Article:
The new Interim Issue of Common-place reviews several books to add to your end-of-semester reading list. Sean Patrick Adams reviews J
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H-SHEAR is dedicated to enhancing scholarly communication on the history of the early American republic, during the period 1775 to 1860. The network is sponsored by SHEAR, the Society of Historians of the Early American Republic, and is owned by H-Net, Humanities & Social Sciences Online, currently centered at Michigan State University. Click here to learn more...
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On Tuesday, April 28, at 5:00 PM, Will Slauter—a Lecturer in English and American Studies at the University of Paris 8 – Saint Denis, and current AAS-NEH Long-term Fellow—will present a seminar paper titled
Copyright and Credit: Understanding Reprinting in Nineteenth-Century Newspapers and Magazines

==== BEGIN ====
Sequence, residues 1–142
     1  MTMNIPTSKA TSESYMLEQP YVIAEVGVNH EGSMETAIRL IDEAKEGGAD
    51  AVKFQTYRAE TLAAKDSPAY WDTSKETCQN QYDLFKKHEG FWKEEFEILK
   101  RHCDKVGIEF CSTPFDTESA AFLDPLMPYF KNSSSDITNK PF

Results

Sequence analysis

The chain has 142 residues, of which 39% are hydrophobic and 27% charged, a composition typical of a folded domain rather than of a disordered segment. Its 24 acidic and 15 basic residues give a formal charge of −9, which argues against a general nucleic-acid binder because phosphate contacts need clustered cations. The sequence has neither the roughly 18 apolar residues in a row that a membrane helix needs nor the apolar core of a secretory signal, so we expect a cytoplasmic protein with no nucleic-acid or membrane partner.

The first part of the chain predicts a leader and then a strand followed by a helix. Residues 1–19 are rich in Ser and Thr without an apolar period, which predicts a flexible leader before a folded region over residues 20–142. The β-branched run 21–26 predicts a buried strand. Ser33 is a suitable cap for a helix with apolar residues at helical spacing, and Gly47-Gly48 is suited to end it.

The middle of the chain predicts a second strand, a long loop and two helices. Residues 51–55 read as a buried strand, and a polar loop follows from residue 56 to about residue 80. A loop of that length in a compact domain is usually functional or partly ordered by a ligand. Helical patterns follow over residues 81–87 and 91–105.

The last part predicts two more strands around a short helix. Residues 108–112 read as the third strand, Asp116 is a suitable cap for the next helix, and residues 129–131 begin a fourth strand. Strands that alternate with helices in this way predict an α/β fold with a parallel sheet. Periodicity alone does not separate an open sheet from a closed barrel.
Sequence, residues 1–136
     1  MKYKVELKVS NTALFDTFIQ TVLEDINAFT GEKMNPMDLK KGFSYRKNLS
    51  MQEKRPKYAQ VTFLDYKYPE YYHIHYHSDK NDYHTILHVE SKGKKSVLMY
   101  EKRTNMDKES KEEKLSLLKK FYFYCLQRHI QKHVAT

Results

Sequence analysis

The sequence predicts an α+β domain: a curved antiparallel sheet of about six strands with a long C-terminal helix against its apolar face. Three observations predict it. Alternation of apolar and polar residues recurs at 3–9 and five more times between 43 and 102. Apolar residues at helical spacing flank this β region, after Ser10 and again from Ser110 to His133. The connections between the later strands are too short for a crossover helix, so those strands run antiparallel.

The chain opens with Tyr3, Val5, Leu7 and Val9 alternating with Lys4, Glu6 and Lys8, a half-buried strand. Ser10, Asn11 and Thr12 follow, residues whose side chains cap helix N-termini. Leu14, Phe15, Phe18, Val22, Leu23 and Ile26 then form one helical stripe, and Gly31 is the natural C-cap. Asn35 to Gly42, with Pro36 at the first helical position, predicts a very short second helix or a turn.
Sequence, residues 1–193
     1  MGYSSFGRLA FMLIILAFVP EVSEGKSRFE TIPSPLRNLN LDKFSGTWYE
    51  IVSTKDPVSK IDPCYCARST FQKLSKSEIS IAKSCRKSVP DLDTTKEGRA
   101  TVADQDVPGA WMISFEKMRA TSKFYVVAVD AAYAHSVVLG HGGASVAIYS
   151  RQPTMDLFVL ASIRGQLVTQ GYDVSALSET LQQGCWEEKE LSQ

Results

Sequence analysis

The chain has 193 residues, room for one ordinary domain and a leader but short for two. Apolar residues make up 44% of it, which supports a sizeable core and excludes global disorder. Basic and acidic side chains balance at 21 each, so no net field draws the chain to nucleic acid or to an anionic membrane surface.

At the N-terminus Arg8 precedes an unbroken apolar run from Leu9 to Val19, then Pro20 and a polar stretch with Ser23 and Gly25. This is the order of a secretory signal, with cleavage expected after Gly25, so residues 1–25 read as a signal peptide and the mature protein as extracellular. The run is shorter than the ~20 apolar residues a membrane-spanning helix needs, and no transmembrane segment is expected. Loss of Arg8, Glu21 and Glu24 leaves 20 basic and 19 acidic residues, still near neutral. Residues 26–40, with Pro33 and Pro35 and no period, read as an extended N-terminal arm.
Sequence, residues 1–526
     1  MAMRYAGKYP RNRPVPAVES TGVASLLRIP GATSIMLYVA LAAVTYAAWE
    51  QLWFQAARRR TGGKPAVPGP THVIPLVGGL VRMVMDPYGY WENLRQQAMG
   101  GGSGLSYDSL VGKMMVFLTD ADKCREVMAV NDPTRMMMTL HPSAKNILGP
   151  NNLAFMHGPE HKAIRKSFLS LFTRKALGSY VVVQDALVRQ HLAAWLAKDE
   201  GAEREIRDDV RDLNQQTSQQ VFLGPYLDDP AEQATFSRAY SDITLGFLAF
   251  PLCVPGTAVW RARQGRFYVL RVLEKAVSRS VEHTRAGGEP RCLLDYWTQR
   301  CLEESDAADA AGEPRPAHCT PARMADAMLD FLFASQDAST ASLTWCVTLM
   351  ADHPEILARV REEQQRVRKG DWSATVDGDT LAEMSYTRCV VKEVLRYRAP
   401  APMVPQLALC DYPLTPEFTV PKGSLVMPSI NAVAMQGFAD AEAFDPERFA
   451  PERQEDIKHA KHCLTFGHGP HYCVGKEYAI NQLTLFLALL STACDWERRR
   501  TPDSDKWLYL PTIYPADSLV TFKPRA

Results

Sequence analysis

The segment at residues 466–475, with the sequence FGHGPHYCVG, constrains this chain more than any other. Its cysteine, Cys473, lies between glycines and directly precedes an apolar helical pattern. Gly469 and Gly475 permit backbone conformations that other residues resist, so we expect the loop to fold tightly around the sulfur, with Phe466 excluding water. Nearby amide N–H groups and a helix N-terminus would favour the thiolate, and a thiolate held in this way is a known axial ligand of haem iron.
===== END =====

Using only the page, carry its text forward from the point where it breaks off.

Saving Revolutionary War Battlefields
Sunday, April 19
Anderson House – 2118 Massachusetts Ave., NW, Washington, D.C.
The comments on this thought-provoking thread have brought out a number of different issues concerning historical accuracy. If I may, let me add one more. Part of maintaining historical accuracy involves keeping current in the scholarship and integrating new, different, and even competing interpretations in one's work. An example: in the initial post, Professor Feller takes issue with Johnson's comments about popular sovereignty concerning "territories becoming states." Feller argues that Johnson has mischaracterized the doctrine. Not necessarily.
Peter's reply is illuminating. It suggests that errors have always been around -- which we all know. But it also raises the more interesting question: Is anyone training graduate students in this way. I can recall being dress down by John Hope Franklin, in his thoroughly regal and kind manner, for citing to census material from secondary source, rather than looking at the actual census volumes (we used books in those days!). He asked me how I knew that the secondary sources accurately reported the census numbers. I of course had no answer.